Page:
Monday, June 13, 2016

again with the home improvement!

 Reupholstery is now on my list of unknown talents!  I tackled the 6 dining room chairs, and we are nearing the finish line!  I say "we" because I couldn't have done this without Bob's help.  The upholstery business takes some muscle!  These chairs and table were purchased in the early 90's and have been our every-day eating area ever since then.  The fabric was wearing very thin and started fraying on the edges.

This is the "before" picture.
I had done a couple very easy things before, like recovering a foot stool.  But this needed to be done as neatly as possible and look close to professional.  I did some reading and scanning through some videos to get started.   I picked out a fabric that I really liked, even though I have some reservations about the light color.  But I decided to give it a go and see how it turned out.

Bob removed 1 million staples holding on the fabric, piping and dust cover.  And they were tough to pull.  I know because I started out doing it, but it was really hard on my neck and shoulder.  The staples needed to be pried out with a pointed tool, then removed with a second tool.  Those staplers were very thorough!

I had planned to replace the foam cushion, but struggled to get it to shape around the edges smoothly.  At that point, I threw up my hands and abandoned the project for awhile to think about what to try next.  By this time, however, 4 of the 6 chairs were missing their seats!  So there was no going back!  Still, I procrastinated for awhile, toying with the idea of just giving in and paying someone to do it for me.  But at that point, Bob urged me on with promises of help. 

So, I ended up just using the old foam padding, since it already was shaped just right to fit.  While the seats were removed, I washed and scrubbed the nooks and crannies of the wood frames.  There was a bit of accumulated spilled milk, squished vegetables and who knows what else in those hidden spots!  
After we were satisfied with getting the fabric all stapled down, I went to work on making the piping (welting) to finish off the edges.  The picture below shows what that will look like when it's stapled in place.  I cut the fabric strips on the crossgrain of the fabric, so it could be aligned with the stripes in the front of the chair.  So I have a few (quite a few) more yards of piping to prepare and then see if I can staple it neatly in place.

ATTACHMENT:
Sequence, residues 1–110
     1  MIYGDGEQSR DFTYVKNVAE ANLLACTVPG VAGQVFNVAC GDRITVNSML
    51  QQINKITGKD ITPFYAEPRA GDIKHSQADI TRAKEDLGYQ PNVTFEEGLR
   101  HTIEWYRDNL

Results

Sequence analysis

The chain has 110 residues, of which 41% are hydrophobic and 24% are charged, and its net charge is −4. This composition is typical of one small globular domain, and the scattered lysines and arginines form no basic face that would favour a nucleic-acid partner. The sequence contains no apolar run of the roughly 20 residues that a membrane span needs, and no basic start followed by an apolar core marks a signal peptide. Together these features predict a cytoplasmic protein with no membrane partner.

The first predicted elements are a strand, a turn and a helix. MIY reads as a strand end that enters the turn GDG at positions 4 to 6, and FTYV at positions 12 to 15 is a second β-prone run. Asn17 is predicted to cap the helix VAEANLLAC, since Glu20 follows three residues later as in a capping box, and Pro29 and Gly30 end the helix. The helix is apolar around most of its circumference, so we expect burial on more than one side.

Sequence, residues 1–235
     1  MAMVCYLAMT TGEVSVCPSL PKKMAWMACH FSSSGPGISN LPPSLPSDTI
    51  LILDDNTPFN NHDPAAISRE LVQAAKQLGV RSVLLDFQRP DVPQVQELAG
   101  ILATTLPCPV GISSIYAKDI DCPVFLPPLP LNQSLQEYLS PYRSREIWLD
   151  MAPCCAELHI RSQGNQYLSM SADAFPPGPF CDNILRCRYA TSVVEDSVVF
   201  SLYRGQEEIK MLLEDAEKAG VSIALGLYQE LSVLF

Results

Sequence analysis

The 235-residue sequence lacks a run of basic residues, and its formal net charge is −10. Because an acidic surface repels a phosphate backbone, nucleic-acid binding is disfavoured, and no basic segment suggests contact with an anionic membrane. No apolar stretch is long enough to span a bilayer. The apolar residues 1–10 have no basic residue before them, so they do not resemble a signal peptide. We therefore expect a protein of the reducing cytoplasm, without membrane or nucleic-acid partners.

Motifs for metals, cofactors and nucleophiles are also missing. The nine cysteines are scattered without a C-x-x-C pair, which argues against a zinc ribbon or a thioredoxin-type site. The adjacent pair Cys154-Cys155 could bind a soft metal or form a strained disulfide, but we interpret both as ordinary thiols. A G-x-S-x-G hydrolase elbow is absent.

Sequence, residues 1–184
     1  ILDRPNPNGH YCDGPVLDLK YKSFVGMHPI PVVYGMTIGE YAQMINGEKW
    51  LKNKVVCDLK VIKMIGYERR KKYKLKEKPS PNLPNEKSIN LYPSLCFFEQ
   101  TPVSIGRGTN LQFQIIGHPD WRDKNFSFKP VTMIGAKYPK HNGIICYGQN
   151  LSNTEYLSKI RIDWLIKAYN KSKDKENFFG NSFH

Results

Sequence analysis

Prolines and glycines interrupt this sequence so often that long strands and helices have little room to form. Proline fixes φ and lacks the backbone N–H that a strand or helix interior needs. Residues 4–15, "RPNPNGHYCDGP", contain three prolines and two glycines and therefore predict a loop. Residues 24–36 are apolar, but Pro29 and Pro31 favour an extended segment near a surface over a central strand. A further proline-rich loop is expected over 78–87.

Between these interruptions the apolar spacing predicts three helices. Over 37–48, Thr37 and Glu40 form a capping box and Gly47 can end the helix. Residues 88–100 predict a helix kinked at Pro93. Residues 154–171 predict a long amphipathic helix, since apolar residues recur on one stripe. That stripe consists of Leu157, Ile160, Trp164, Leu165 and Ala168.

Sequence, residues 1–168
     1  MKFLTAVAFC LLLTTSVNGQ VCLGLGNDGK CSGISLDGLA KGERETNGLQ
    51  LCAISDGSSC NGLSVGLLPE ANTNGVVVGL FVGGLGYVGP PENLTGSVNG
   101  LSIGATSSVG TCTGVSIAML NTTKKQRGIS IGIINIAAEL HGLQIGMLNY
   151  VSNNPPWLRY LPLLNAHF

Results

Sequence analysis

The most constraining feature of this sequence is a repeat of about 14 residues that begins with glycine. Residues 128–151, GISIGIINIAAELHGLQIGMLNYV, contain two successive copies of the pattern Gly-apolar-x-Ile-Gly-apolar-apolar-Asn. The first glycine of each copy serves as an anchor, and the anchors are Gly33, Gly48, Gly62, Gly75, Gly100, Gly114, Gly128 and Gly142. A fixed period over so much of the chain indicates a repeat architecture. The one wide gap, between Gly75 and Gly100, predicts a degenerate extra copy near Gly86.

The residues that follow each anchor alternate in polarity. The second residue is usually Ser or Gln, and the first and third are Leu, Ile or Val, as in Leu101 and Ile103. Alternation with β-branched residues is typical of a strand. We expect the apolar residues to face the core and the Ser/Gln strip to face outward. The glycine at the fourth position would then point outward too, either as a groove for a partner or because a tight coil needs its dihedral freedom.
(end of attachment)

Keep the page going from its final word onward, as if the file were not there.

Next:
We did make a couple of rookie mistakes, but this has been a "learn as you go" project.  
One lesson learned:
Although I was very conscious of measuring and centering that wide navy blue stripe in the center of each seat, I did make one big oops.  This stripe is an uneven stripe.  The color pattern is not mirror-imaged.  If you look at the "before" picture, that stripe is an even, mirror imaged stripe.  Well, one of the seat covers got flipped around and stapled on in the reverse of the other 5.  Big oops!  But our mutually agreed upon decision was to not remove and replace that seat cover.  We were tired!  That's going to be our Amish chair, bearing a mistake to remember us to be humble.  And either be more careful the next time or hire someone else to do it!

Meanwhile, we have had a good period for our growing plants outside!  Two quite different kinds of purple iris have been blooming.

And the garden seeds that we planted a week ago are sprouting up.  Along with the weeds!  We had 2 days of temps over 90, so that really gets things going.  The garden is in full sun, so that's very favorable for growing but also prime sunburning.  So I look for less sunny times for garden time!

Monday, June 6, 2016

mundane monday mending

I know mending isn't hip or cool.  But it's still practical, and sometimes necessary.  I'm lucky I have some of the know-how to look at a garment, or a pillow, or a curtain, or a pair of jeans, and feel sort of positive about what to do with it!  Some people hate the mending, but I think it's fun to turn that frown upside down, and salvage something!  I have to say, I think I got pretty good at mending jeans.  The kids gave me all the practice I needed, and I found out what worked and what didn't.

Sometimes, it's brand new stuff that needs some kind of alteration.  This example is a simple sleeveless white knit top that I found on the markdown rack at the Marshall's discount store.  I really liked the fit and shape of the shirt, but right away I noticed a problem with the armholes.  The little serged edge that is turned over to the inside would roll out and show.  Still in the dressing room, I thought to myself, "Self, can you tolerate having that rolled edge on your mind and still enjoy wearing this?"  The answer was NO!  After studying it awhile in the dressing room, I thought I would give it a go.  Plus, it was on clearance.

This picture shows the problem with the rolled edge.

This is the neckline edge, and it has a little row of topstitching along the edge which is just what the sleeve needed.  Why didn't they finish the job?!

So I finished the job with a little bit of careful stitching and matching thread.  And I used the #5  foot on my Bernina and it worked like a charm to keep the stitching straight and neat.

And now I can wear my new shirt without a second thought about those armhole edges rolling!

I think my can-do-mending attitude rubbed off on Dan.  He has one of my old machines, and can mend his own jeans, tailor his shirts to fit, and a few other things.  I bet Brita would mend, too, if those little boys ever gave her a moment to do it!  On my next visit, I'll see if there's anything I can mend for her if I can borrow a machine!